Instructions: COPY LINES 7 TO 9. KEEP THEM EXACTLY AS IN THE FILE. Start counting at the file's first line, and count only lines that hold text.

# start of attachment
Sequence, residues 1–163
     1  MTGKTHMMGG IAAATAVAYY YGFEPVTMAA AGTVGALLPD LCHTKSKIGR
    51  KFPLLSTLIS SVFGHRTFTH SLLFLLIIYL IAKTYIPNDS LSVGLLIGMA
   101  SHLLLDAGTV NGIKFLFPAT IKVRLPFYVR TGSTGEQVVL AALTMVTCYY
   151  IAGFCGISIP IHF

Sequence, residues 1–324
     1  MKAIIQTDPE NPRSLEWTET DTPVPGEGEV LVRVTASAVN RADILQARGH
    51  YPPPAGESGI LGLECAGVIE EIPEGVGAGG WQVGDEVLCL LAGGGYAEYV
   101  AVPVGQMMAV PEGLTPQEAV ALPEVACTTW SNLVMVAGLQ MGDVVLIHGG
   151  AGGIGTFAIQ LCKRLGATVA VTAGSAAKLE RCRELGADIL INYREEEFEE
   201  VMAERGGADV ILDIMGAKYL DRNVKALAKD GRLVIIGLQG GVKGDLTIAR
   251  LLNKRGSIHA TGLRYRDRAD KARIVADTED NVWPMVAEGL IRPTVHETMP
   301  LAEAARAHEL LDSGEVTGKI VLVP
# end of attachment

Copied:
     1  MKAIIQTDPE NPRSLEWTET DTPVPGEGEV LVRVTASAVN RADILQARGH
    51  YPPPAGESGI LGLECAGVIE EIPEGVGAGG WQVGDEVLCL LAGGGYAEYV
   101  AVPVGQMMAV PEGLTPQEAV ALPEVACTTW SNLVMVAGLQ MGDVVLIHGG